On the liturgical calendar, yesterday was the Epiphany of Our Lord, when we celebrate the revealing of Jesus as the Son of God, the Messiah, the Light of the world. It’s a time when we start to connect the dots between the first chapter of Genesis—In the beginning when God created the heavens and the earth, the earth was a formless void and darkness covered the face of the deep. … Then God said, “Let there be light”; and there was light—and the first chapter of John’s Gospel—In the beginning was the Word. … What has come into being in him was life and the life was the light of all people. The light shines in the darkness, and the darkness did not overcome it.
The images of light and darkness carry with them many interpretations; one of the most pervasive and persistent is sin and forgiveness, evil and redemption.
John the baptizer appeared in the wilderness, proclaiming a baptism for the forgiveness of sins (Mark 1:4).
I’ve been haunted for many years by the vague memory of an old TV show. I remember the word “sin-eater,” and a teenage boy dressed in rags going into a torch-lit room and taking a piece of bread off a man’s chest. He gobbled it down while sobbing and screaming in apparent torment. That’s all I could recall. Sometimes the internet is an amazing research tool. I typed in “sin-eater” and in a matter of minutes all was revealed. The show was a 1972 episode of Night Gallery based on an old tradition in parts of rural Wales and England in which one of the villagers was the sin-eater. When someone died, food was placed on their chest, which the sin-eater ate while reciting a prayer. The deceased’s sins then passed from his or her soul into that of the sin-eater.
In the TV show, the sin-eater had died, and his wife persuaded their son to eat the bread laid on his father’s corpse—he took on not only his father’s sins, but those of all who had died in the village for many, many years. No wonder he sobbed and screamed. The episode was called “The Sins of the Fathers,” echoing the biblical admonition that “the sins of the parents shall be visited upon the children …” (Deuteronomy 5:9, among other places).
Proclaiming a baptism for the forgiveness of sins.
The question of what to do about our guilt, shame and remorse for having done wrong has haunted humanity for a very long time. Everything from human sacrifice to appease the anger of the gods to little children crying, “I’m sorry,” while promising to be good fits within this equation. Sometimes we try to put the blame on the powers that be for being arbitrary and too strict; other times we take on the very concept of sin and shame itself, proclaiming it outmoded and unhealthy. Or, if we keep the idea of sin and shame, we redefine them in such a way that the things we do are acceptable and understandable, while the evil done by others is totally reprehensible and worthy of punishment. And so it goes—under whatever labels and ethical codes we devise, we continue to struggle with what to do when that still, small voice reminds us that we have failed to behave.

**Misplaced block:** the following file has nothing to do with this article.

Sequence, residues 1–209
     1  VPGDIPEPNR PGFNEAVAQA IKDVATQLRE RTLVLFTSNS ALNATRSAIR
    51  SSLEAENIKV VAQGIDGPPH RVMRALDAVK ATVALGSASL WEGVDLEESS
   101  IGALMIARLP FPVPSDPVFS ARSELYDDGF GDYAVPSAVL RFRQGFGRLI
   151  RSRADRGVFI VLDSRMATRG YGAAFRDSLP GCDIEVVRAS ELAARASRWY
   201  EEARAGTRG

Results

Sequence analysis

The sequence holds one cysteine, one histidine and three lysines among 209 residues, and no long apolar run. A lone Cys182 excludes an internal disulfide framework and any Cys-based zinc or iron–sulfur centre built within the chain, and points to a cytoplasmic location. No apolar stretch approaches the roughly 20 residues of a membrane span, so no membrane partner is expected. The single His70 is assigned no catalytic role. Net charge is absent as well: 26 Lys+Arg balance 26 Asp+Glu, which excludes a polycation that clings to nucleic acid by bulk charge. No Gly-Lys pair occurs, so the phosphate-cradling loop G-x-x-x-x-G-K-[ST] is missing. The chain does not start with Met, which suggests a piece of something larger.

Proclaiming a baptism for the forgiveness of sins.
Today we celebrate the Baptism of Our Lord. Those of us in the Lutheran church are most familiar with the baptism of infants. Because of this, we sometimes have a hard time understanding the “baptism for the forgiveness of sins” aspect of this day. For us, baptism is mostly about the celebration of an innocent child’s inclusion in God’s community of love, and the community’s commitment to share with the parents in the raising of their child. The forgiveness of sins is something of an afterthought—after all, how does sin apply to a little baby? There is some thought that the idea of “original sin” arose as a response to this question.
But notice—those coming to be baptized by John in the Jordan were adults, not children. And the language about “repentance” and “forgiveness of sin” wasn’t exclusive to mean old John the Baptist—throughout the gospels, Jesus called people to repentance and talked about sin and forgiveness frequently. Any of us who have lived to any level of maturity and honest self-reflection have struggled with the reality of our moral and ethical failures. What are we to do about our awareness of (and feelings of guilt and remorse for) our very real shortcomings, our not-very-original sins?
Hiring a sin-eater is not only out of the question, it is also totally unnecessary—not because we have no sins, but because God in Christ has already taken them up. Martin Luther put it this way: “That is the mystery which is rich in divine grace to sinners: wherein by a wonderful exchange our sins are no longer ours but Christ’s and the righteousness of Christ not Christ’s but ours. He has emptied Himself of His righteousness that He might clothe us with it, and fill us with it. And He has taken our evils upon Himself that He might deliver us from them … in the same manner as He grieved and suffered in our sins, and was confounded, in the same manner we rejoice and glory in His righteousness (D. Martin Luthers Werke; Weimar, 1883).
And though we may not be able to remember our baptism, we can remember the baptisms of others. And week after week, as we come into the church, there is the font—we can see and touch the water. After we pray the confession, we hear the words reminding us that God does, indeed, forgive us. Following the sermon, we say the creed, reminding ourselves that we believe in “the forgiveness of sins.” Later, the pastor stands at the altar, lifts the bread and cup, saying those beautiful words: Shed for you and for all people for the forgiveness of sins. Then we make our way forward to the altar where we eat and drink, not our sins but our salvation. Finally, we are sent forth to shine the bright light of God’s love and grace and forgiveness into a dark and lonely world.
Amen and amen.